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News > UK >

Whitby see in review after priest withdraws

Ed Thornton

by Ed Thornton

Posted: 21 Dec 2012 @ 12:02

DIOCESE OF YORK

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No longer leaving north London for Whitby: the Revd Philip North

Credit: DIOCESE OF YORK

No longer leaving north London for Whitby: the Revd Philip North

THE Revd Philip North, Team Rector in the Old St Pancras Team Ministry, in London, this week with­drew his acceptance of his nomina­tion as Bishop of Whitby after pro­tests at his opposition to women bishops. He would have been the third opponent in suc­ces­sion to hold the appointment.

Fr North was nominated less than two months ago to succeed Dr Martin Warner, after the latter was translated to Chichester (News, 26 October). Speaking in the General Synod debate on the women-bishops legislation last month ( Synod, 30 November), Fr North said that he valued the ministry of women deeply, but stated: "I simply do not accept the authority of the Church of England to make this decision" (about women bishops). The Church of England was "not some small, independent state Church, but part of the wider Catho­lic Church with all its limita­tions and all the joys that that entails".

In a statement issued on Sunday night by the diocese of London, Fr  North said: "It was a great honour to be chosen for this role, and I had been very much looking forward to taking up the position. However, in the light of the recent vote in the General Synod, and having listened to the views of people in the Archdeaconry of Cleveland, I have concluded that it is not possible for me, at this difficult time for our Church, to be a focus for unity. I have therefore decided that it is better to step aside at this stage.

"I have reached this decision after a time of deep reflection and feel sure that it is for the best. I now look forward to refocusing my energies on the pastoral needs of my parish."

A churchwarden of St Oswald's, Lythe, in Whitby, John Secker, had written to the Archbishop of York, Dr Sentamu, in a letter dated 28 November, which gathered a number of signatories.

The letter said: "We are puzzled, dismayed and very disappointed that for the third time running we have been assigned a Bishop of Whitby who does not accept the ordination of women priests. . .

"We are aware that some parishes, some clergy, and some of the laity in the Whitby bishopric do not accept the validity of women priests but, as in the rest of the country, a substantial majority of us do. So why should we have to have a bishop who does not accept them? We assume that there must be some sort of rationale behind the decision, but you should be aware that many of us feel aggrieved and overlooked."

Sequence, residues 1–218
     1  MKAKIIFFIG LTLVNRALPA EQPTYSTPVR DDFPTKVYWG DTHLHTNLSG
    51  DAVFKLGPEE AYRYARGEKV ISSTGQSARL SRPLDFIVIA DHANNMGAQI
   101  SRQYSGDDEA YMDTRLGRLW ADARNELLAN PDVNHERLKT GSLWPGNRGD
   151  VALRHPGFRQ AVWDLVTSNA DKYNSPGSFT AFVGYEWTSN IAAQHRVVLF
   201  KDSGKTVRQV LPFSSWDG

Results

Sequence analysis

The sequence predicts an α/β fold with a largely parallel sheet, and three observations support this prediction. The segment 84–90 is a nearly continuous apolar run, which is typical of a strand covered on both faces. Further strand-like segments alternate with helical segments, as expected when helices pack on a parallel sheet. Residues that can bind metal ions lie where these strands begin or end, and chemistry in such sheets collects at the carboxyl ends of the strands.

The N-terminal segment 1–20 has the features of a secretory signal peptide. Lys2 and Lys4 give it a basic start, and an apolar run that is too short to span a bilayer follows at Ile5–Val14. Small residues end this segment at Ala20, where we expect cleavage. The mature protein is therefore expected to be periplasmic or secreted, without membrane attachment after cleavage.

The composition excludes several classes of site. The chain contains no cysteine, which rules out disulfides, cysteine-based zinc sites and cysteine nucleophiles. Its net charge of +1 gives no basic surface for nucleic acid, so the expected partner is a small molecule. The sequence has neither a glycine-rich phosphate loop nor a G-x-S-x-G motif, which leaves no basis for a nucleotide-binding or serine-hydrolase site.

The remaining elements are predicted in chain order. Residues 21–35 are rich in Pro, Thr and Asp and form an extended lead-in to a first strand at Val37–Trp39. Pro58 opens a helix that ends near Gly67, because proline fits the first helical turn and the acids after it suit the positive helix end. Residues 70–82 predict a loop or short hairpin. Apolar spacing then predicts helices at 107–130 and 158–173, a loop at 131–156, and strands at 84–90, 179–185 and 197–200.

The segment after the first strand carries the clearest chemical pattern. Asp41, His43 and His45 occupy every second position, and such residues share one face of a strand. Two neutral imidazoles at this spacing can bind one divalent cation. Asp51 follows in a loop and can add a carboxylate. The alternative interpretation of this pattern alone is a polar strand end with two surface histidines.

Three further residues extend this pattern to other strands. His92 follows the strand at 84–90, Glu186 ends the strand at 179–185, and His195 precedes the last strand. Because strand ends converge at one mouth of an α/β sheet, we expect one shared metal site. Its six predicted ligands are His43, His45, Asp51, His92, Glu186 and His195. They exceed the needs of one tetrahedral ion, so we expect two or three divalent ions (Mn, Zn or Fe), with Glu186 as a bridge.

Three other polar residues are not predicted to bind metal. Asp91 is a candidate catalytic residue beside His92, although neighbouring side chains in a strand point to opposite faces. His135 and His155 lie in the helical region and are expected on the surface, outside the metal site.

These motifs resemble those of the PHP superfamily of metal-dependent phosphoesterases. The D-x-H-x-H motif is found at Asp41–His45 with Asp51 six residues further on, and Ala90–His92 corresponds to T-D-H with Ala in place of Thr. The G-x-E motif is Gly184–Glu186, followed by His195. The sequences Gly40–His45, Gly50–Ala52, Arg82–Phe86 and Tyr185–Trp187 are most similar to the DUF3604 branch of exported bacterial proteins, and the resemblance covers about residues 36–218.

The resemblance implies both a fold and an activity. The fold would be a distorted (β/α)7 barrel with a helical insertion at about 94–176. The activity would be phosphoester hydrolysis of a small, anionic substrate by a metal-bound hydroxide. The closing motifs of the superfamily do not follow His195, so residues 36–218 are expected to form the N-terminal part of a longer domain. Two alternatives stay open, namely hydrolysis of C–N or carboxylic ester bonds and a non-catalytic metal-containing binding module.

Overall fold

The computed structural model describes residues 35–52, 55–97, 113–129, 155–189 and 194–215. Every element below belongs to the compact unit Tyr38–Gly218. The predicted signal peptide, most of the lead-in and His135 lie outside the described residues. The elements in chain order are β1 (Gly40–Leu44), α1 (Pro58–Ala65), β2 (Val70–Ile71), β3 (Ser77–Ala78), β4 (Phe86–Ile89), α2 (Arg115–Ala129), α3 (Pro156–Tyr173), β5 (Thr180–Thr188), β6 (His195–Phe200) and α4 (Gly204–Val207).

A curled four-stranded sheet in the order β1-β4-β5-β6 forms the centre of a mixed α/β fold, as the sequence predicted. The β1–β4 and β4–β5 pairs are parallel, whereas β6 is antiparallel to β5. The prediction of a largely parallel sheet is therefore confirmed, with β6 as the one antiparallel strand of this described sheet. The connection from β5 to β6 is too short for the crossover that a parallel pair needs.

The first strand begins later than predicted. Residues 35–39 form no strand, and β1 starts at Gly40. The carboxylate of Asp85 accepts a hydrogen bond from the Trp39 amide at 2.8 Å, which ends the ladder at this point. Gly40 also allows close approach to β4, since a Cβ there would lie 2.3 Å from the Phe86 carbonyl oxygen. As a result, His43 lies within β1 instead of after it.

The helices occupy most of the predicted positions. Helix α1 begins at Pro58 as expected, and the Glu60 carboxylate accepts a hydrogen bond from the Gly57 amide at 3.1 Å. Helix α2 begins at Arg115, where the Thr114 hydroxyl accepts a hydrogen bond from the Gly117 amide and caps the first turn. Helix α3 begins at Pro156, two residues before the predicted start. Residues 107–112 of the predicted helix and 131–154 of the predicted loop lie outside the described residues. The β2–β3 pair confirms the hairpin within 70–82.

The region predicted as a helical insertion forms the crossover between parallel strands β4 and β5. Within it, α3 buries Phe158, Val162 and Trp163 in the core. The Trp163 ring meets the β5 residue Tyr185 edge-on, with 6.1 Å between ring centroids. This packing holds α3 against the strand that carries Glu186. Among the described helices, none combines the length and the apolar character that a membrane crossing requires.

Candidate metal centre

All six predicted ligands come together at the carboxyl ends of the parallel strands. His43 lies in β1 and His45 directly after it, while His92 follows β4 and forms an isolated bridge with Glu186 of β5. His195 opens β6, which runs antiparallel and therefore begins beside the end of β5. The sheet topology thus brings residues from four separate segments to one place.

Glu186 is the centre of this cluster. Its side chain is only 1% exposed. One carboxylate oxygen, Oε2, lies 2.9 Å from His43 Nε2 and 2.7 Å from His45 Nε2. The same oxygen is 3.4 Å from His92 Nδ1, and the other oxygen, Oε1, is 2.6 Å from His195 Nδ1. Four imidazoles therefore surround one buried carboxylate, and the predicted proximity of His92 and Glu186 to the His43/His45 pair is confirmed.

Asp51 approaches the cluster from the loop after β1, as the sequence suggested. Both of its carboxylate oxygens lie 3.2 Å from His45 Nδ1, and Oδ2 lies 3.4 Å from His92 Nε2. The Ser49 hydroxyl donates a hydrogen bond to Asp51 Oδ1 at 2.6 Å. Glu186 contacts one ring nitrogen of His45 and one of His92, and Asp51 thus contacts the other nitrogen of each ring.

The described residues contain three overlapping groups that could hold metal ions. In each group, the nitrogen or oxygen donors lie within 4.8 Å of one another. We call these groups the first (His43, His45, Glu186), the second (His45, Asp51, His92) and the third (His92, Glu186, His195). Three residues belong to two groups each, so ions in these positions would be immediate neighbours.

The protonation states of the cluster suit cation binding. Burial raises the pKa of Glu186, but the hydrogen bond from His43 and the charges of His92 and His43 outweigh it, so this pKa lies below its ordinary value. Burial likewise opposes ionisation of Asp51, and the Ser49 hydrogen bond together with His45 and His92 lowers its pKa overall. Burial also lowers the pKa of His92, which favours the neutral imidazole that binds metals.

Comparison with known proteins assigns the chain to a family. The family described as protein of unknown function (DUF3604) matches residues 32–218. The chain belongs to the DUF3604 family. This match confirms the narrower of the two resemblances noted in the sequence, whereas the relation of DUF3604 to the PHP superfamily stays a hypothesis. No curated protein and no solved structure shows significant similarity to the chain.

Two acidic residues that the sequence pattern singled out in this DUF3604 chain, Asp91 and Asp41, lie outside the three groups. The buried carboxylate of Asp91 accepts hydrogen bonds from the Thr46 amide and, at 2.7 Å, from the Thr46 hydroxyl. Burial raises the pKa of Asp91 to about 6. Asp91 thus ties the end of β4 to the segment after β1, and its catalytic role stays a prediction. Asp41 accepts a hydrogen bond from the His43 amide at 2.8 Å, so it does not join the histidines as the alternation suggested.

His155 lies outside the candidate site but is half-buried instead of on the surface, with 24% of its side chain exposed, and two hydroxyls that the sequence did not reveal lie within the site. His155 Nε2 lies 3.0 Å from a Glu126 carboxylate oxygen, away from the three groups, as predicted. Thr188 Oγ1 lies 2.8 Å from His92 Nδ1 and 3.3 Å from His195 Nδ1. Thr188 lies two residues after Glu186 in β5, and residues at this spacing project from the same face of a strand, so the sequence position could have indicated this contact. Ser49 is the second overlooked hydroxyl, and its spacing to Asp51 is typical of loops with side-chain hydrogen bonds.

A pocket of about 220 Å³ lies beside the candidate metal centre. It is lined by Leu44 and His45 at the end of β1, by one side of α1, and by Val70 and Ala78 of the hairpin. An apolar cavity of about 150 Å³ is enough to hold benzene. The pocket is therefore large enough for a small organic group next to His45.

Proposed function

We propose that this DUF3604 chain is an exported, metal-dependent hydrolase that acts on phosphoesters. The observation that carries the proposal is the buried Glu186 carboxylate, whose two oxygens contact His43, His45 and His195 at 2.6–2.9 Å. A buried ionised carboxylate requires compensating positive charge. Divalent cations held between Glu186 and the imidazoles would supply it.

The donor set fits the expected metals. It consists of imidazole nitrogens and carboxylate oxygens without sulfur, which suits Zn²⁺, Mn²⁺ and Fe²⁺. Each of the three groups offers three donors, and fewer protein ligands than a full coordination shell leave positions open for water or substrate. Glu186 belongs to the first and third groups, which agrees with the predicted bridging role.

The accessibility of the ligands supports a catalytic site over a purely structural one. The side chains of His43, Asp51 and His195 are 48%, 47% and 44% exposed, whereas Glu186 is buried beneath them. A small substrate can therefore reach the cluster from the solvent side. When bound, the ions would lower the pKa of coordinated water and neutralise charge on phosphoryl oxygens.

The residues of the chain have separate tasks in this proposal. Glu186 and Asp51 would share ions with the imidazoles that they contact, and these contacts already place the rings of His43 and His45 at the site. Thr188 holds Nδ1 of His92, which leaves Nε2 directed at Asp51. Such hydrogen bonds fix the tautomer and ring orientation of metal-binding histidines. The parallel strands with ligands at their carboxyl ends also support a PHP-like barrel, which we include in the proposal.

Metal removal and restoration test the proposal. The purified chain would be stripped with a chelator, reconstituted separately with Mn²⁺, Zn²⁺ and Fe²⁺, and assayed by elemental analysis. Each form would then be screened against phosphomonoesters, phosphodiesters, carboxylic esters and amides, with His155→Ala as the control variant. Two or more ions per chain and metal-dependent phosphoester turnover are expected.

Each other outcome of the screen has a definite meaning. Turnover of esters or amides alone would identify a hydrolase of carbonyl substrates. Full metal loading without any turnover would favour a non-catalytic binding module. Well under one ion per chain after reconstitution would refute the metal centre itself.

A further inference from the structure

In a reply, dated 6 December, Dr Sentamu wrote: "Whatever fears there may be about Revd North's ability to work with all in the Archdeaconry [of Cleveland], I am confident that he will not only live up to Bishop Martin's example, but also go beyond it in his valuing of the ministry of his female colleagues.

"Clearly the appointment of Revd North has also been made as part of our accommodation for our petitioning parishes in this diocese. The fact is that the vast majority of our petitioning parishes are in the Cleveland Archdeaconry and so the see of Whitby is the obvious choice for such episcopal provision where the diocesan bishop is an outspoken advocate of women's ministry."

York diocese has eight Resolution A parishes and 15 Resolution B parishes. It is understood that four of the A parishes, and four of the B parishes, are in the archdeaconry of Cleveland, in the Whitby episcopal area.

A statement from the diocese of York, issued on Monday morning, said that Dr Sentamu wrote to all clergy and Readers in the archdeaconry of Cleveland, on Sunday, expressing his "sadness" and "disappointment" at Fr North's decision to withdraw.

Dr Sentamu wrote: "Philip North is not a single-issue priest. As a gifted pastor-teacher he is deeply committed to the flourishing of the diverse ministries of all God's people - lay and ordained. His dynamic vision for making Christ visible in mission and ministry, as well as serving the poor, would have been a great asset to us all. . .

"The question of the appointment of a new bishop will be first referred to the Dioceses Commission. As many of you may know, the Dioceses Commission will be reviewing our diocese, its structures, boundaries and delivery of mission. As to the timing of when this will happen, the Dioceses Commission will let us know."

Responding to the news of Fr North's withdrawal, the Bishop of London, the Rt Revd Richard Chartres, said: "I can understand the reasons for Philip's decision. He is a gifted and energetic priest and I am glad that he remains in this diocese to continue his outstanding work in Camden Town."

A statement from the Catholic Group in the General Synod, of which Fr North is a member, said that the decision to withdraw was his "personal decision".

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